The M20 is a wireless music system consisting of two bookshelf-sized powered speakers. It isn’t as big or as expensive as the company’s recent Q Active 200 speakers, but it does carry over some similar features, such as Point to Point (P2P) cabinet bracing technology and support for high-resolution audio (up to 24bit/192kHz). Maybe most importantly, it houses both wireless (via Bluetooth 5.0)and analog connections (via optical and minijack) so you can easily stream music or connect it directly to your TV or turntable. There’s no built-in Wi-Fi or HDMI connection.
Kanto YU Passive Bookshelf Speakers
Kanto launched two new sets of passive bookshelf speakers, both of which cost less than $200. There’s the YU Passive 5.25″ ($199/pair), which features a 5.25-inch Kevlar woofer and 1-inch silk dome tweeter, and the YU Passive 4″ ($159/pair), a 4-inch woofer and 1-inch silk-dome tweeter. The two sets of speakers look basically identical, other than the YU Passive 5.25″ being slightly larger, and being passive bookshelf speakers, they’re also very flexible. You can use them as desktop speakers if you a DAC/amplifier, or you can use them as TV or stereo speakers with a receiver. Available now.
Price: $159/pair (4″); $199/pair (5.25″)
Pioneer DJ VM Series of Active Monitors
Pioneer DJ announced a new line of active near-field speaker monitors that are designed to emulate the sound of a studio or club, but in your own space. There are three different-sized models: VM-50 ($169), VM-70 ($229) and VM-80 ($289). Each speaker will be decked out with a 4 mm-thick aluminum front baffle, Class D amplifier, Aramid fiber cones and Vortex Bass Accelerator, all of which, according to the company, are designed to “accurately reproduces sounds, including deep low-end frequencies while cutting out unwanted vibrations.”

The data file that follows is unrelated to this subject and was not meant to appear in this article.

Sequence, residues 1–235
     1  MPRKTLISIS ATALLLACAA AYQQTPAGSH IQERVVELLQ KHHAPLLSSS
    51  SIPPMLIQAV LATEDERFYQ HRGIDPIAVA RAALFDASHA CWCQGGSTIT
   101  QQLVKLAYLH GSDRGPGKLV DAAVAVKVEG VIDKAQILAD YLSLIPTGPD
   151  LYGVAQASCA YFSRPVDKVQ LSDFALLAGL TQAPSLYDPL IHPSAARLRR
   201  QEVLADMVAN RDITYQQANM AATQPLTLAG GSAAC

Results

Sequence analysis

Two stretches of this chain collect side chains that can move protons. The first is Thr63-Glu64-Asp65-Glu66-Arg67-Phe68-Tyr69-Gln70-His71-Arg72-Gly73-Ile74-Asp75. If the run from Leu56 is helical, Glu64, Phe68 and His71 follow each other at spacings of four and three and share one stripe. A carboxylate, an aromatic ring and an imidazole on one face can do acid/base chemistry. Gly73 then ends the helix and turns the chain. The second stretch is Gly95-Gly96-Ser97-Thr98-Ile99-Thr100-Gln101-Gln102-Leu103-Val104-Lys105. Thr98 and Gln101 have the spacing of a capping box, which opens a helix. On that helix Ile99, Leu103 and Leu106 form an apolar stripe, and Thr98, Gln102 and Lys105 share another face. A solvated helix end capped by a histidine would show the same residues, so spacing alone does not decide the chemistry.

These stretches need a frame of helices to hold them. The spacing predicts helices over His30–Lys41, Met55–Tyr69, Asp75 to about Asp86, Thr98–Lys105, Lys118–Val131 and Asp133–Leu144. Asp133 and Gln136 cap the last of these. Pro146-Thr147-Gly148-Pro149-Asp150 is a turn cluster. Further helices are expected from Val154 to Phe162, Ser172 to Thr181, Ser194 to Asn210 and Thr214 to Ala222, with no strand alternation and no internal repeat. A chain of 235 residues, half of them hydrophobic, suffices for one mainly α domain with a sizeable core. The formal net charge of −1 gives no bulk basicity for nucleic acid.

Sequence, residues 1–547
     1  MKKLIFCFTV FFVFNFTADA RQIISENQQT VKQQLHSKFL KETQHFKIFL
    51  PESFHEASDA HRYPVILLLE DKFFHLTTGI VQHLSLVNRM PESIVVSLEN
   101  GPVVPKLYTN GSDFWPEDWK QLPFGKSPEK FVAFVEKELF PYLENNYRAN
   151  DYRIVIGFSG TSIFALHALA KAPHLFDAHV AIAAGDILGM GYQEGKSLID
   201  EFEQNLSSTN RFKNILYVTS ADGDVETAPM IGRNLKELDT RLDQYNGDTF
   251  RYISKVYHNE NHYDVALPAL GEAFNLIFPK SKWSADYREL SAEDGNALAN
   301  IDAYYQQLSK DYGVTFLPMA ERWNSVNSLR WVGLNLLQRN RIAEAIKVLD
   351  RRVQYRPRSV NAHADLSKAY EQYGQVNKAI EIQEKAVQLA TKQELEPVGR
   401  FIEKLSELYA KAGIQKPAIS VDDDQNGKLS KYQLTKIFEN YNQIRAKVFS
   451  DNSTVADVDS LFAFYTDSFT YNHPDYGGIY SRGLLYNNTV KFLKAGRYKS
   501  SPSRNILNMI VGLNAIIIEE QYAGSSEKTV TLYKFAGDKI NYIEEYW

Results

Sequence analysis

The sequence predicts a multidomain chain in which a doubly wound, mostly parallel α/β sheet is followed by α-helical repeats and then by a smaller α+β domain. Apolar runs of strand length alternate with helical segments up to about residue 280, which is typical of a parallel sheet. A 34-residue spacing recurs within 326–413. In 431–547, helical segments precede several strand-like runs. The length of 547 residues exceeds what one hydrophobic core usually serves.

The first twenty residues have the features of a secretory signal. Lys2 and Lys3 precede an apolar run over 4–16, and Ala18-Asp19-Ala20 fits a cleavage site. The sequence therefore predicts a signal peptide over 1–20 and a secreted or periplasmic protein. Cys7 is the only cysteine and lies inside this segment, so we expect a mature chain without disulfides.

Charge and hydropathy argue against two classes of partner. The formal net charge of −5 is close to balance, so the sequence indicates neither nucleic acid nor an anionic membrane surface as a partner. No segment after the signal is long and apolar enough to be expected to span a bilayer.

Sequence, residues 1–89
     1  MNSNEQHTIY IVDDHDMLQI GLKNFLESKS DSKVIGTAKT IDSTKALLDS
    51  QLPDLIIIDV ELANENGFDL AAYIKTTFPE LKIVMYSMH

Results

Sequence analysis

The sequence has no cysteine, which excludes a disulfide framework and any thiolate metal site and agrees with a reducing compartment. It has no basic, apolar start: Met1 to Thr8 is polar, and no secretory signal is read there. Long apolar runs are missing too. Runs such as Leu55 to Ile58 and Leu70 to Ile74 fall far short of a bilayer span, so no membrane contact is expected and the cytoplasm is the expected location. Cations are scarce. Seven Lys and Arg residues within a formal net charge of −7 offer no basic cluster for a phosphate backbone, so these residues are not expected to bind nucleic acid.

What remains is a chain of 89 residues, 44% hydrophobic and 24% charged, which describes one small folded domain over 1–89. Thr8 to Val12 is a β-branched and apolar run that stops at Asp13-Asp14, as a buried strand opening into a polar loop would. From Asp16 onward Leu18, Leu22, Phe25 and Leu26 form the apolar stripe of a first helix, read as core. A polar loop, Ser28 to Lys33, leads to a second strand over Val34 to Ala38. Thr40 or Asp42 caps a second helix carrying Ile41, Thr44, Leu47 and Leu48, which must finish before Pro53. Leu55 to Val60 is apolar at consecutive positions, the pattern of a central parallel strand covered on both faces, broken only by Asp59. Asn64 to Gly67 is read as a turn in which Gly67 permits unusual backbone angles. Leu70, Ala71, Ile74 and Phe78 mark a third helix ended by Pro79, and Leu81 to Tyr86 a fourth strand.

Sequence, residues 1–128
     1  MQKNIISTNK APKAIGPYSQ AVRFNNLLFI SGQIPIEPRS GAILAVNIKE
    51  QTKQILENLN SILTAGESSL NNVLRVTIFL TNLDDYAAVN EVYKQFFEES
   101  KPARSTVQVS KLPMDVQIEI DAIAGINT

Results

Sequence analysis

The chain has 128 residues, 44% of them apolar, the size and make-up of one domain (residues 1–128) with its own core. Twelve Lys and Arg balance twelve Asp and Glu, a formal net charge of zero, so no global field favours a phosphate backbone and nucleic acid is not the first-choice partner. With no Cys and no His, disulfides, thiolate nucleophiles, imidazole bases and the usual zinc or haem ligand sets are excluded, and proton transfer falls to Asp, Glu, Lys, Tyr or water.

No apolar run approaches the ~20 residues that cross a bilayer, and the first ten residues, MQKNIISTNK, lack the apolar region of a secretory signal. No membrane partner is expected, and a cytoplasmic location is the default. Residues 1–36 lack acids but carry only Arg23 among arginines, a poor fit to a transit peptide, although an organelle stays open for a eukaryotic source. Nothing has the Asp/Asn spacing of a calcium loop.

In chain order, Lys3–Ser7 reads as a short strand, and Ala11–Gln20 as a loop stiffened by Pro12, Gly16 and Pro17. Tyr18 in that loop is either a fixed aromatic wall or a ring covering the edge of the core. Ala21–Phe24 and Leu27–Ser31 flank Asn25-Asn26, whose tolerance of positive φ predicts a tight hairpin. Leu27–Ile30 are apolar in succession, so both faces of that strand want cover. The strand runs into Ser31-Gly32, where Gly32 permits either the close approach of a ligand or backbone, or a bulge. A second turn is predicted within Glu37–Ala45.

JBL 4309 Bookshelf Speakers
The JBL 4309 studio monitors are essentially smaller and more affordable versions of the company’s high-end 4349 studio monitors, which run for $7,500. Each 4309 loudspeaker is decked out with the company’s 1-inch tweeter, 6.5-inch mid-bass driver and twin-firing reflex ports, so that it sounds as dynamic as its larger sibling. And each speaker looks stunning, with a blue baffle, wooden veneer (either walnut or black walnut) and cloth grille — they’ve already been given a 2021 Red Dot Design Award.
Polk Audio R200 Bookshelf Speaker
Polk Audio announced the Reserve Series, its new line of high-performing loudspeakers that take many technologies from its flagship Legend Series (such as Pinnacle Ring Radiator tweeters and Turbine Cone Midrange drivers) and put them in a more affordable package. The Reserve Series is comprised of various different-sized floor-standing speakers, centre channel speakers and bookshelf speakers, as well as a height module to complete the Dolby Atmos home theater system. All speakers are available now.
(Pictured: The R200 is the larger of the two new pairs of bookshelf speakers in the Reserve Series. The R100 bookshelf speakers are smaller and $100 cheaper. )
Fluance A-Series Bookshelf Speakers
Fluance is a Canadian-based audio company that’s best known for its line of affordable yet high-end turntables. This week, it announced two new pairs of powered bookshelf speakers that can partner those turntables. There’s the Ai41 and Ai61, the latter being the slightly larger, more powerful and better-sounding of the two — but besides that, they’re basically identical. Both speakers can be connected to any turntable with a built-in preamp. They have built-in Bluetooth so you can stream directly from your smartphone or computer. And you can even use them as TV speakers via an optical or RCA connection. The best part? Both pairs cost less than $300.